By Joanne Lynn and Terry Fulmer
A large number of nursing home residents will die of COVID-19, and no one can change that fact. This is hard to take, and it has been easier to focus elsewhere, rather than to confront the facts.
Good practices may delay the introduction of the novel coronavirus into a nursing home, but they cannot stop it. Good practices can slow the spread, but still it will spread. Mortality rates vary some, as expected, but most reports find around 20 percent of the residents in a well-managed nursing home outbreak are dying due to COVID-19. In a nursing home with more than 700 beds, if all were full, one could expect that an outbreak would take about 140 lives.
That rate of deaths does not, in itself, indicate any shortcoming on the part of the staff. It is just tragic and sad, but not shocking.
Consider the possibilities of actually preventing the introduction of the novel coronavirus into a nursing home. Let’s imagine a typical nursing home with 200 beds and 250 staff in a community with 2 percent infection rate (much lower than New York City), and let’s assume that the facility has adequate supplies of conventionally recommended personal protective equipment and that the staff are assiduous in using it. With all that, and unusually cooperative nursing home residents, maybe our example nursing home could get to 99 percent effective prevention.
Let’s assume that the staff have 10 direct contacts with residents each day (a very low estimate). So, five staff members are asymptomatically infectious, and they have 50 direct-care interactions with residents each day. Astonishing as it may seem, this yields nearly a 50-50 chance that they will infect a resident that day. If there were a rapid result test to give to all staff at the start of their shifts, perhaps we could detect those five staff members and promptly send them home. But the diagnostic test we have is too expensive, too scarce, too slow, and too inexact (with as much as 30 percent false negatives).
So—we can’t effectively keep COVID-19 out of nursing homes once it is in the community. Dementia patients pose the highest risk, because it is simply not feasible nor humane to expect such residents to wear masks at all times and to adhere to total isolation.
Good infection control can slow the spread, compared with sloppy or inadequate infection control, but still, once a COVID-19 infected person is in a nursing home, the evidence is that the infection will be widespread within a week. Around half of the nursing home residents will have either no symptoms or mild symptoms, so again, no one can tell that they are infected without multiple tests. Some residents, however, will get the devastating side of COVID-19, either shortly after showing symptoms or some days later. The evidence so far is that elderly persons who develop serious respiratory disease will be very likely to die, even with optimal medical support.
An investigation may show serious shortcomings in staffing or early response, but the mere fact that a facility has a large number of deaths is not an indication of any shortcoming in clinical care. This level of deaths is to be expected. Until we have herd immunity, immunization or effective treatment, there is no reason to think that the rate will lower. In a large facility in the heart of a major outbreak, with perhaps a quarter of the population infected (and a larger proportion of direct-care workers), the onset of an outbreak and its spread will be quicker. If in addition, the facility could not get enough personal protective equipment or testing materials and if its staffing became precarious (nursing homes in the best of times have high staff turnover), the situation is unavoidably dire. Nursing homes shouldn’t automatically be blamed for the high numbers of deaths. Public officials should be supporting them to reduce infections and mortality as much as possible, while helping them deal with the devastating impact of the high mortality rates.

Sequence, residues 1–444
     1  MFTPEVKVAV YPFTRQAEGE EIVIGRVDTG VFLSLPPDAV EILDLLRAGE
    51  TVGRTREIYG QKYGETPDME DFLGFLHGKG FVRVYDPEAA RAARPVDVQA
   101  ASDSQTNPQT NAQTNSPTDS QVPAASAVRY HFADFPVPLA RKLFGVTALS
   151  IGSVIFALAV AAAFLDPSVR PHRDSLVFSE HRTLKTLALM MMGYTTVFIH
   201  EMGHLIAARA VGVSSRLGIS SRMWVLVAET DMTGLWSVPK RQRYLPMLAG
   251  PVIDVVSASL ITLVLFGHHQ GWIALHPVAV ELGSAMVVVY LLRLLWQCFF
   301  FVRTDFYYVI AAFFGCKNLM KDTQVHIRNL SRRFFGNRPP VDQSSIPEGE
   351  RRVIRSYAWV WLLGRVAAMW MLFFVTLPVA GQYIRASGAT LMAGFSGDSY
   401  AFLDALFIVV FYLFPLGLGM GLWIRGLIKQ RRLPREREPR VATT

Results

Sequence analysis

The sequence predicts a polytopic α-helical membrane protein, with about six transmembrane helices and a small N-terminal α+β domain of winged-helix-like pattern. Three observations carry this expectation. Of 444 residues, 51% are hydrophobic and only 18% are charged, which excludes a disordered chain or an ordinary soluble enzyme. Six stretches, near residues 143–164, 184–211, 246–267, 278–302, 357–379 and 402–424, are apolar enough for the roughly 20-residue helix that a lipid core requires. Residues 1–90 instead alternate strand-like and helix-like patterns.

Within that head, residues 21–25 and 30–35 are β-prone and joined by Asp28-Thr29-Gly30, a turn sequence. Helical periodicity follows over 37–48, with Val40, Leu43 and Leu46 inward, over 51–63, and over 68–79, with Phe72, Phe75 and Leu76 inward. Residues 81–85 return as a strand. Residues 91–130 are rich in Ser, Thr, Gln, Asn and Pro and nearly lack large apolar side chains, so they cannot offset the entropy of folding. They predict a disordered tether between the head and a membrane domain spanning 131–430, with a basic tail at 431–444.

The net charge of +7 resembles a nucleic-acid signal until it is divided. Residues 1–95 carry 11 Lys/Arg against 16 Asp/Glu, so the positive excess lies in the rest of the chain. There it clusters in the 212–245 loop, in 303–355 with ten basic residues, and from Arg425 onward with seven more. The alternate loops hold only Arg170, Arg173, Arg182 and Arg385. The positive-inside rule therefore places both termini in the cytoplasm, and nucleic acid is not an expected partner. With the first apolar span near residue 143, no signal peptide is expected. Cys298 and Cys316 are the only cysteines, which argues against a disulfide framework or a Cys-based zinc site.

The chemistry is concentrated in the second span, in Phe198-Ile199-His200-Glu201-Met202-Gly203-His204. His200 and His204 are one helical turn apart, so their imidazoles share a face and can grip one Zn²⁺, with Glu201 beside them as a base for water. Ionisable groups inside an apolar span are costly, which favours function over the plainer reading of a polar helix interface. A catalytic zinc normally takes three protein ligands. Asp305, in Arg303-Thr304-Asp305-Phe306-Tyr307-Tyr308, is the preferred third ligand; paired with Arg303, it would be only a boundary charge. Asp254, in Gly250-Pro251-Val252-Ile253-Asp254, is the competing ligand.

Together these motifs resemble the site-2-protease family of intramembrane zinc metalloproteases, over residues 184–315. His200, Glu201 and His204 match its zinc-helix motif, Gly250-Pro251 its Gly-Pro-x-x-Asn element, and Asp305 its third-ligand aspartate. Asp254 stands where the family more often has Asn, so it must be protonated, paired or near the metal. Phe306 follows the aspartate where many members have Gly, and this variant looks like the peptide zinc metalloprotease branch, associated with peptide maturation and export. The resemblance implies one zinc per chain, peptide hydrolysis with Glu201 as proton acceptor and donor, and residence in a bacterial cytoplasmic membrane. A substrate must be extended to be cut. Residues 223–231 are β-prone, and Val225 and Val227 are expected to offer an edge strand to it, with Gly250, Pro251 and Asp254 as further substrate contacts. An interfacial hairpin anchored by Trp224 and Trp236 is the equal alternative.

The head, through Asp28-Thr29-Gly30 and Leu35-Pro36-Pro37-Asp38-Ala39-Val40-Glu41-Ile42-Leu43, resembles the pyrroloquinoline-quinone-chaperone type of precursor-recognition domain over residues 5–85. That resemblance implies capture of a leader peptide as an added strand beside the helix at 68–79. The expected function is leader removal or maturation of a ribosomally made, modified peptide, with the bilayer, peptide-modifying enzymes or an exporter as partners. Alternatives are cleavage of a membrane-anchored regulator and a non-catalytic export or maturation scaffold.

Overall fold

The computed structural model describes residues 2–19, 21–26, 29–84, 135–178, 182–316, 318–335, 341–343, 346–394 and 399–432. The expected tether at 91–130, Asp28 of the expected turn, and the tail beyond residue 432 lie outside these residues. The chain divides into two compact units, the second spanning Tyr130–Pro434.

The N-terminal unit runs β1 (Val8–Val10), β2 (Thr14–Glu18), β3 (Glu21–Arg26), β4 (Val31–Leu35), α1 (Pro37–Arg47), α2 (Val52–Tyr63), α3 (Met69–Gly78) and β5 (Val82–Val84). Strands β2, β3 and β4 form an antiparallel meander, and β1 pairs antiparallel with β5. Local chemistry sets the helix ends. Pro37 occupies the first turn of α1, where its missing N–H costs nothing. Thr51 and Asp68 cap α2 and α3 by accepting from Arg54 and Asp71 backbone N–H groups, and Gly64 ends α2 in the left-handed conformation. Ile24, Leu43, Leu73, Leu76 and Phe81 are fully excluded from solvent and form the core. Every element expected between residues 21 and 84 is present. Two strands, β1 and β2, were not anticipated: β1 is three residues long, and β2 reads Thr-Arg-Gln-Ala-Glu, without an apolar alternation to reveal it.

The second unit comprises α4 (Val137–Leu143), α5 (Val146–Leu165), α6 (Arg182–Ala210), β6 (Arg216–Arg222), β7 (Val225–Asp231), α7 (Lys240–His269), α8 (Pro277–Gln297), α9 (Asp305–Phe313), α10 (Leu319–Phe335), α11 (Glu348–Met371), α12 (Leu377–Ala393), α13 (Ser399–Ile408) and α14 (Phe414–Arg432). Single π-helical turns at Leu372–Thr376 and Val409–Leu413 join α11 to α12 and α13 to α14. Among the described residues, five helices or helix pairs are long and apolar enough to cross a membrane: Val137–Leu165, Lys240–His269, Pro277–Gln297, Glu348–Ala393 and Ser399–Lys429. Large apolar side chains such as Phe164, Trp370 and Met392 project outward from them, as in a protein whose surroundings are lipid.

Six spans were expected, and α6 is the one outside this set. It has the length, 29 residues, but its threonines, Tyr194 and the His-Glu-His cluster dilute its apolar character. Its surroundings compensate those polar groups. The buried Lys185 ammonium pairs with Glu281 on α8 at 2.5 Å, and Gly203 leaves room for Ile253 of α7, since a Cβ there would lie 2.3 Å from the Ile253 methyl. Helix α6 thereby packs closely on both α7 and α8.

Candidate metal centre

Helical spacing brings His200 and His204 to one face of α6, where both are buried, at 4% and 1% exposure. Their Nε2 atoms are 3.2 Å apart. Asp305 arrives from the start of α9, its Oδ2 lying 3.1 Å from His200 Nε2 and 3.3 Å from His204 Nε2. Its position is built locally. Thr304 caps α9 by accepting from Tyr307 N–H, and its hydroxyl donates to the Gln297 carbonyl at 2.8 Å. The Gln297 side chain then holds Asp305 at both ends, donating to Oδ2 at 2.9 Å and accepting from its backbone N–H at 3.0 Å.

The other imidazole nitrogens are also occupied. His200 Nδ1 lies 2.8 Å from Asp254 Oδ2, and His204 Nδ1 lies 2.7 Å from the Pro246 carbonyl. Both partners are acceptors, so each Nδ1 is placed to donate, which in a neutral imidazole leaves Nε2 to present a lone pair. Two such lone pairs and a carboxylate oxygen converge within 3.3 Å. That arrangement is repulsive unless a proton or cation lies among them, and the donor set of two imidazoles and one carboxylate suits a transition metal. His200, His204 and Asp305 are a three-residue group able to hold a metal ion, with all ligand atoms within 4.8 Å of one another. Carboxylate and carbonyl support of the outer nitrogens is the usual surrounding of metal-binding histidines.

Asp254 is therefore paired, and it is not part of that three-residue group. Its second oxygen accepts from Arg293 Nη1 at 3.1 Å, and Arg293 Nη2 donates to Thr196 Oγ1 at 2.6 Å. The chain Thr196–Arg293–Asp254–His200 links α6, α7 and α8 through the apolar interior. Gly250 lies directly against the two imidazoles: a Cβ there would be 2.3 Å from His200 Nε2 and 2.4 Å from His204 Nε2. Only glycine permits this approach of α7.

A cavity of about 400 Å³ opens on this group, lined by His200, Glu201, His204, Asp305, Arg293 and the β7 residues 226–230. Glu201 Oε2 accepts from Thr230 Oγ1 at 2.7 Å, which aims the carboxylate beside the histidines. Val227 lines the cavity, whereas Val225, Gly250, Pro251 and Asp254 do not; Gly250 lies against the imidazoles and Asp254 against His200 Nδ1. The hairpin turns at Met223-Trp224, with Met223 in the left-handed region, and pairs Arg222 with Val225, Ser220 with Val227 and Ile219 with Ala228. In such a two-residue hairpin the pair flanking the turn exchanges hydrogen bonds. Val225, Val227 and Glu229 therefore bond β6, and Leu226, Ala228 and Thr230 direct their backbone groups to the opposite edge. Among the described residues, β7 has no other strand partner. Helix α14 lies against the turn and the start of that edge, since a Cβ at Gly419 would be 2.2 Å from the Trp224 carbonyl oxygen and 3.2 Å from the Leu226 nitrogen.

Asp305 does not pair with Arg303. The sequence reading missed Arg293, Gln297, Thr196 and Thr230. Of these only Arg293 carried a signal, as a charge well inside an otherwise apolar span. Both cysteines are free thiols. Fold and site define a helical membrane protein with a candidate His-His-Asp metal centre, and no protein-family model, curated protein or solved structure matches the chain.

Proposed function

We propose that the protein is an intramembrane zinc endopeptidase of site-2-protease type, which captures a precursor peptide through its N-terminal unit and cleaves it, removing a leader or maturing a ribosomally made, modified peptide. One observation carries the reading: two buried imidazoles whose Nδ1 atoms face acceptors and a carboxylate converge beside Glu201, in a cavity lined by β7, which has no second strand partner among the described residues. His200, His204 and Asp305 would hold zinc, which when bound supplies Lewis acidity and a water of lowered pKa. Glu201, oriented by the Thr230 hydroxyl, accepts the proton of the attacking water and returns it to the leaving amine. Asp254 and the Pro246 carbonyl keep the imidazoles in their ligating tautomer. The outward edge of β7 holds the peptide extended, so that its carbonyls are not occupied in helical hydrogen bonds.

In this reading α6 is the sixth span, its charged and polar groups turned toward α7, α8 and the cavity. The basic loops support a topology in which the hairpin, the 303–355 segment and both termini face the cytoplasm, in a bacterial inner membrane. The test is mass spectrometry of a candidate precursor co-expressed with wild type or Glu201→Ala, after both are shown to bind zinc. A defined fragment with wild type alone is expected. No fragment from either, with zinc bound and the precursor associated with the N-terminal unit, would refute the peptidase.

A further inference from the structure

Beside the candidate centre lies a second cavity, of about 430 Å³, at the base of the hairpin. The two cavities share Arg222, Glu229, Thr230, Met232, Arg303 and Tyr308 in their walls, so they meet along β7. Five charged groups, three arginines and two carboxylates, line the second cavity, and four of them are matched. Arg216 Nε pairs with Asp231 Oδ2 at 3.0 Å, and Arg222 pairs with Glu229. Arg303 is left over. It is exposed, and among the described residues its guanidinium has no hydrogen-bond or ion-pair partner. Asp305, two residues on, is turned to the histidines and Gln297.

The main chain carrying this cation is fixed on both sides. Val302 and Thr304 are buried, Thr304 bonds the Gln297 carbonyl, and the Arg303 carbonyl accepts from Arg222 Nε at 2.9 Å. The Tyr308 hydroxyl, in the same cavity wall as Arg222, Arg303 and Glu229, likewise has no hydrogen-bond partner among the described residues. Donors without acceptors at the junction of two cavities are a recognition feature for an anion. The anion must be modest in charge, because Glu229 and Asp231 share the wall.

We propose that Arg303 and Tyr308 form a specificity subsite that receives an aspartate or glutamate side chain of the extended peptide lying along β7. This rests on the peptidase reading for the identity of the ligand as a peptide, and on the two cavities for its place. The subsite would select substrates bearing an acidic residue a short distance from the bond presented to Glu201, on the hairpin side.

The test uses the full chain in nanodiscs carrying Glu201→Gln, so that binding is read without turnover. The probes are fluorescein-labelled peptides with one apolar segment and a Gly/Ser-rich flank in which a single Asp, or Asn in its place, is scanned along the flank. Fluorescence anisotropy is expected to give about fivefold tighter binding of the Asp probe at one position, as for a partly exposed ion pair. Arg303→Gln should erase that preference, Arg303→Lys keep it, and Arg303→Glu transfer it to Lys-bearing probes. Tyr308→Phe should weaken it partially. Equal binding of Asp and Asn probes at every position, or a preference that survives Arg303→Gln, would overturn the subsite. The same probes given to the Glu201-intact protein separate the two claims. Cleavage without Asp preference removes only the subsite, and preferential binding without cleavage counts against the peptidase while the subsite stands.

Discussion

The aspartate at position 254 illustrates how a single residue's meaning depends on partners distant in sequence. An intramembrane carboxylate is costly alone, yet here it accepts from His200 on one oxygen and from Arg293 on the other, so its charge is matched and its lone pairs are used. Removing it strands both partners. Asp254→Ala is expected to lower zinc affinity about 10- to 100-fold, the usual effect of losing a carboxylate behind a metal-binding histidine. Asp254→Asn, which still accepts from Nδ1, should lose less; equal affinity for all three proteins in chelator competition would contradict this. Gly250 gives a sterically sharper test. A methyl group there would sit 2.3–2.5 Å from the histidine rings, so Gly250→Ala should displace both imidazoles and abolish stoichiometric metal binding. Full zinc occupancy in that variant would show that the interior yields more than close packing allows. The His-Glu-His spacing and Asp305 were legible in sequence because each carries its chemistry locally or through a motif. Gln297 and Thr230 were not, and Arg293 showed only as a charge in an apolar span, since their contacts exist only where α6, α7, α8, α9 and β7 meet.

Nursing homes need to have skilled supplemental staffing ready and appropriate supplies and equipment on hand. The HEROES bill now before Congress includes funding for states to provide supportive teams to affected nursing homes, and the Affordable Care Act required more adequate staffing than most nursing homes have supplied.
The current isolation of nursing home residents seems cruel to residents, families and friends, and visiting could again be allowed freely when residents or visitors can be shown to have had the infection, and presumably are immune. And we need to extend sincere sympathy for the residents, workers and families affected by a peculiarly effective virus that is all too often lethal when it infects frail elderly people.
Joanne Lynn, MD, is an analyst for the Program to Improve Eldercare at Altarum, in Washington, DC, and a former geriatrician and hospice physician. She also serves as a Health & Aging Policy Fellow in the office of Representative Tom Suozzi. Terry Fulmer, PhD, RN, is president of The John A. Hartford Foundation in New York City.
Editor's Note:The opinions expressed in this article are those of the authors. They do not necessarily reflect the opinions or views of ASA management or its members.